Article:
He also manages a team of designers and programmers like he did for Salud!
Usable Health has three full-time employees and five part-timers with plans to hire again soon, Medynskiy says.
Starting early last year, about 20 restaurants have begun using the Smartmenus. They are mostly in Atlanta, although there are a few sites in Augusta, Ga.; Birmingham, Ala.; Westin, Fla.; and Chattanooga, Tenn.
Usable Health takes the menus provided by the restaurants and delivers it to users in a way that helps them make informed nutritional decisions at the point of sale. “It’s in the right place at the right time to advise,” he says.
Dieticians from the online site, HealthyDiningFinder.com, see the benefit of having their approved menu choices and accurate nutritional information available in restaurants.
“Eugene Medynskiy has been instrumental to Usable Health's development of an exciting technology that is being embraced by both restaurants and their guests,” says Anita Jones-Mueller, president of HealthyDiningFinder.com, a Usable Health partner.
Smartmenus “help restaurants keep their nutrition data up-to-date and accurate, which will be important for the upcoming federal menu labeling regulations. And the Smartmenus help restaurants streamline operations and contribute to green efforts by reducing paper and printing costs. These are powerful benefits for our nation’s health and environmental efforts."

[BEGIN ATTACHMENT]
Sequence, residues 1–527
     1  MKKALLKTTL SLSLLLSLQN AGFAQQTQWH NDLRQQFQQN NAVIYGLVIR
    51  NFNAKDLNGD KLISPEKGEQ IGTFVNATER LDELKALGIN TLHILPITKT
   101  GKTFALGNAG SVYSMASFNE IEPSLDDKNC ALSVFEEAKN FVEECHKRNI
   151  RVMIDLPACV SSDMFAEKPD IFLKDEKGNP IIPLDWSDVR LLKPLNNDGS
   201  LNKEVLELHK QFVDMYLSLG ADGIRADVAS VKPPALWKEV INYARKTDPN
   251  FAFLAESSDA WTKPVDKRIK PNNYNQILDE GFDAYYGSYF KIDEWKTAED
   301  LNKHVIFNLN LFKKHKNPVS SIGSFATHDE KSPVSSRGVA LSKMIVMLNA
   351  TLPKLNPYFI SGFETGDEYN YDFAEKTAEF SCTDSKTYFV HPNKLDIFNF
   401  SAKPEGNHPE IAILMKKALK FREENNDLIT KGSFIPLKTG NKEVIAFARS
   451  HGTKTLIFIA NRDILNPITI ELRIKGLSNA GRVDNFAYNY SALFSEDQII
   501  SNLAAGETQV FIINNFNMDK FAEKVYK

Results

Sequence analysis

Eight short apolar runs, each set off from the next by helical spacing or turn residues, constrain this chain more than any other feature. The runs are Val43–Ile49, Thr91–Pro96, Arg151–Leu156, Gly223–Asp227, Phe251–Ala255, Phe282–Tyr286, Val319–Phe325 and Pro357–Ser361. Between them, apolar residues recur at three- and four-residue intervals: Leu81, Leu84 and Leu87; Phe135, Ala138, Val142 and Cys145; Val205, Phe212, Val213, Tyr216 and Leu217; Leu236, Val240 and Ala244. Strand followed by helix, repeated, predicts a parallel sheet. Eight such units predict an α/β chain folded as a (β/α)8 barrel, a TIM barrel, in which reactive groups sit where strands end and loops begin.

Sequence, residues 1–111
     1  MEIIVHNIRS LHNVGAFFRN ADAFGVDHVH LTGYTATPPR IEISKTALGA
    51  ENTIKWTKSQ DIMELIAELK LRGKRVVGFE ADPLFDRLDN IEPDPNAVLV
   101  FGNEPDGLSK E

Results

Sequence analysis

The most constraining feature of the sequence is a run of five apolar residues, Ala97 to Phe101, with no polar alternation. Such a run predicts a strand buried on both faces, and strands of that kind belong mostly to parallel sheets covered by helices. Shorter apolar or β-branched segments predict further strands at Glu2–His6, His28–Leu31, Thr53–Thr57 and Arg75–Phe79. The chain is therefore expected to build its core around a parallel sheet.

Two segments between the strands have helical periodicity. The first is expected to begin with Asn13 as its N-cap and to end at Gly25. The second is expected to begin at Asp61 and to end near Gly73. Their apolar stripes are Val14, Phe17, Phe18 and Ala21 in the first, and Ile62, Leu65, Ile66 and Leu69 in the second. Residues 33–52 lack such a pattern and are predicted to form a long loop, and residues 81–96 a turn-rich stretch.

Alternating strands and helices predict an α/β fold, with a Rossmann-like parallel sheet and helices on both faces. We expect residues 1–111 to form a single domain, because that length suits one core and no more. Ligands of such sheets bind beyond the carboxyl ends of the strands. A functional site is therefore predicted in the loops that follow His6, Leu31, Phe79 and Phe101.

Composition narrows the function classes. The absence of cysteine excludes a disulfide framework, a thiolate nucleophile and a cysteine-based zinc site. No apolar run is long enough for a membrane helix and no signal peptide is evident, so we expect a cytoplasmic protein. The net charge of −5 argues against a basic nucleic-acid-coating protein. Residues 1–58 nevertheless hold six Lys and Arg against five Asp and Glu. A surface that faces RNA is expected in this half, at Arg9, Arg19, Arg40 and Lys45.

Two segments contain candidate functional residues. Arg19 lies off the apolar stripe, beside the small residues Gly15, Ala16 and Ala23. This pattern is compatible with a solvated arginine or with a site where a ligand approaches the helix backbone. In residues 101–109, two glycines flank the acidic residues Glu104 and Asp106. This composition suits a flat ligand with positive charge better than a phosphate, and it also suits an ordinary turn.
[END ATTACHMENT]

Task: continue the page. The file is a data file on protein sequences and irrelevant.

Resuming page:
The fast-casual Fresh to Order in Atlanta claims the relatively inexpensive virtual cashiers have helped reduce labor and food costs, according to a video testimonial posted on Usable Health website.
“Everywhere you look nutrition is taking center stage and is ultimately driving the larger population in their dining-out decisions,” Jesse Gideon, vice president of restaurant operations states on the site. “The Smartmenu is informative, user-friendly and cool. As a viable kiosk solution, it also gives our store operations a way to raise check averages through suggested selling.”
The technology also tracks return visits, remembering what regulars eat and, in some restaurants, offers coupons. It can give restaurants a competitive advantage, Medynskiy says.
The need for such technology is founded in the American culture of dining out and the statistics that show a trend toward healthy eating. A majority of restaurant operators — 66 percent — say their guests are paying more attention to nutrition and 72 percent of consumers say they are trying to eat healthier at restaurants than they did two years ago, according to the 2011 national household survey of the National Restaurant Association. In addition, the ability to order online through a website will become more popular in the future, according to six out of 10 full-service restaurant operators polled in the survey.
As he graduates this month, Medynskiy is continuing to seek investments and grants to take Usable Health and Smartmenus to the next level. The goal is to grow from 20 to 200 restaurant locations by the end of the year, and to be able to scale to meet the needs of national chains.
The first objective of the new company, though, is to give back to the community that has supported it to date, with a donation to the local food bank, he says. It’s just one more way the company can help others to help themselves.